These weeks, the entire bird world passes through the Netherlands.  What is there to see?

These weeks, the entire bird world passes through the Netherlands. What is there to see?

Four tips for the novice bird watcher

1. Leave travel to the birds. The coast and the Wadden Islands are popular places to see rare birds, but the whole of the Netherlands is actually particularly bird-friendly country, according to Vansteelant. “Even if you live in the heart of Amsterdam, you can experience the migration and seasons in Vondel or Sarphati Park.”

2. Go to the field. Sit on a bench in front of the bush for half an hour and listen to the birds you hear. When a bird shows itself at a certain moment, you automatically associate the sound with the identity of the bird.

3. Start from the beginning. Identifying rare birds is actually something worth pursuing later. First try to identify “normal” birds. What does the bird look like and what does its call sound like? There are also apps that can help with this.

4. When? Birds migrate through the Netherlands from the end of February until the end of June. Through the website, you can find out what types of birds will arrive in the Netherlands this week.

Climate change
The early arrival of spring also ensures the early arrival of migratory birds in the Netherlands. Vansteelant: Migratory birds must ensure that their young hatch at a time when food availability reaches its peak. Over the past two weeks, all the bushes and trees have turned into leaves, which also continues the life of insects. This is happening earlier, meaning that species such as the Barn Swallow are now coming to the Netherlands a month earlier than they were a few decades ago.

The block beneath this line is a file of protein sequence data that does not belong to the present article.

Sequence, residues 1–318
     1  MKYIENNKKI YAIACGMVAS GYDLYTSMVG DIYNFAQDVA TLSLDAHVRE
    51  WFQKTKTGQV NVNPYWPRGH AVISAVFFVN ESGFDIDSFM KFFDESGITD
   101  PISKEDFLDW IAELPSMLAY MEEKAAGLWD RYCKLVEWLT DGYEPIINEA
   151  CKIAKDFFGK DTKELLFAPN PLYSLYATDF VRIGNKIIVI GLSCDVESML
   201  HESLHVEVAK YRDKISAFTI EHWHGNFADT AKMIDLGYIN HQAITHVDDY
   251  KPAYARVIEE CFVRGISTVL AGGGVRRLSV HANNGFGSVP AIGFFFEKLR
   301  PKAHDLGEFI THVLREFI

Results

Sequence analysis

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Due to the increasingly mild winters in the Netherlands, more and more southern bird species are settling in our area. Like the Seti's warbler, a songbird that until ten years ago was found mainly in Spanish and French marshy areas. Vansteelant heard six sounds in one day along Griene Dyk.

The ongoing drought in Spain is driving more southern European waterbirds to the Netherlands, such as the black-winged stilt and black ibis. “Last weekend, two black ibises were seen near Griene Dyk, which may have arrived with a group of spoonbills.” The spoonbill is another species that has become increasingly popular in the Netherlands since the 1990s and breeds mainly in the Wadden Islands. Vansteelant: The return of the spoonbill is often claimed to be a conservation success, but the spoonbill has actually done it itself. They like to breed on land, and since they found a fertile breeding ground on the fox-free Wadden Islands, things moved quickly.

Although the ibis have already left, spoonbills can still be found at Griene Dyk. Vansteelant knows exactly where they are. Through his telescope, he sees how the spoonbill moves its broad beak sideways through the water, looking for something to eat. “The spoonbill is really at its best right now, with an impressive crest and yellow on the chest and shoulders, its courtship plumage for mating season.” Just as he was about to take a photo, a spoonbill flew up. Go to Schiermonnikoog, or any other part of the swamp. 'That's how things go. There is no purpose attached to it, bird watching is just an experience and experience. It is a mindful activity.

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